Seacare Co-operative Learns a Thing or Two About Digitalisation From ITE Central's Heads

The rapid proliferation of technology has resulted in a fundamental disruption in how businesses, the economy and society function. Digitalisation is a necessity and it must happen now not later for the organisation to survive and thrive amidst changes.

SOS Samudra: Seacare Coop and Digitalisation

Credit: Glenn Carstens-Peters, Unsplash

Twenty participants picked up this salient point during the course on Introduction to Digital Transformation conducted by Mr Greg W Chew, Deputy Director, Info-Comm Technology, ITE Central, and Mr Peter Leow, Lecturer, early this year at Maritime Hall.

Seacare Co-operative representative Ong Zhi Wei shares more.

Samudra: What is this course all about?

Zhi Wei: It is a simple introductory session to digital transformation, covering both the theory and application aspect of digitalisation by touching on basic terminology and concepts, general approaches to digitalisation and relevant case studies.

The objective was to create a common base understanding of digitalisation; and with the said understanding, to kickstart further conversation within and across different entities on the digitalisation journey.

Glenn Carstens-Peters

Credit: NASA, Unsplash

What are some of the lessons learned?

We learnt that digitisation is the foundation for digitalisation which is the enabling or adding of digital capabilities to help streamline business. We also learned that digitisation and digitalisation are equally important. Data is the building block.

What are some of the digital trends?

Greg went through the 5 digital trends: Blockchain, Artificial Intelligence, Internet of Things, Big Data & Analytics, Cloud Computing and Cyber Security. He showed how some of these trends are relevant to the various entities.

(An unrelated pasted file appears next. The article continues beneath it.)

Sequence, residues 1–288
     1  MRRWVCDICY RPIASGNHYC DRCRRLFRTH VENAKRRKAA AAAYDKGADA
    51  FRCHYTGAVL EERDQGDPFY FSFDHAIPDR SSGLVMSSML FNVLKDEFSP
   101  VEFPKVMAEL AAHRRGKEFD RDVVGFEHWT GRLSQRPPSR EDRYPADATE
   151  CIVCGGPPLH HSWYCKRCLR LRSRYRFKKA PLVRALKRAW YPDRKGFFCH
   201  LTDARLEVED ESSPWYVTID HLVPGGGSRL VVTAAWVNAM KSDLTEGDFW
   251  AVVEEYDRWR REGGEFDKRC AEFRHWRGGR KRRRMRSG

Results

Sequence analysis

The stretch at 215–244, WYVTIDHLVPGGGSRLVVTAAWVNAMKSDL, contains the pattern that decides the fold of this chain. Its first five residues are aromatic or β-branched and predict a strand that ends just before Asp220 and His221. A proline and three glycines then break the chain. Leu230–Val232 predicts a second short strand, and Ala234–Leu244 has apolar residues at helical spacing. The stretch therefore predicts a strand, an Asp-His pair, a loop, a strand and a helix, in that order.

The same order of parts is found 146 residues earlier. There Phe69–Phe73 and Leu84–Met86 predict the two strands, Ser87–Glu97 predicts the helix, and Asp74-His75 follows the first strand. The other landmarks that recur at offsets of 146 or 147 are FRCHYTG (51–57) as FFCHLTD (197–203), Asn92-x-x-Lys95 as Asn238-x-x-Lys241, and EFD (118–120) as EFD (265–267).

SOS Samudra: Seacare Coop and Digitalisation

Credit: Daria Nepriakhina, Unsplash

Is digitalisation solution-based?

Digitalisation must be process-driven and not solution-based. Solutions should be tailored to the process, not vice versa. Which solution to adopt will depend on the cost-benefit analysis to be adopted by the entity and every entity would have different inputs for consideration.

What is a good starting point for digitalisation?

It is identifying and addressing pain points which include and not limited to the following:
i. removing duplication of work/bottleneck
ii. bringing offline / manual function to online / (semi or ) fully automatic) function
iii. Integration of data or function silos into a singular system

Also, aspiration points could be considered. Entities may want to consider looking into their end-to-end process in order to craft a digitalisation roadmap to match their aspiration.

Must we go big with digitalisation?

Digitalisation does not need to start big. It can start with the existing tools that we possessed within our organisation. Peter Leow demonstrated to the class how to better utilise Microsoft teams through apps such as Power Automate (a no-code to low-code platform to automate repetitive business process); Power Apps (a no-code to low-code platform for building apps) and Power BI (interactive data visualisation and analytics tool for business intelligence).

Visit e-Samudra or Issue 5 (20/21) for more stories.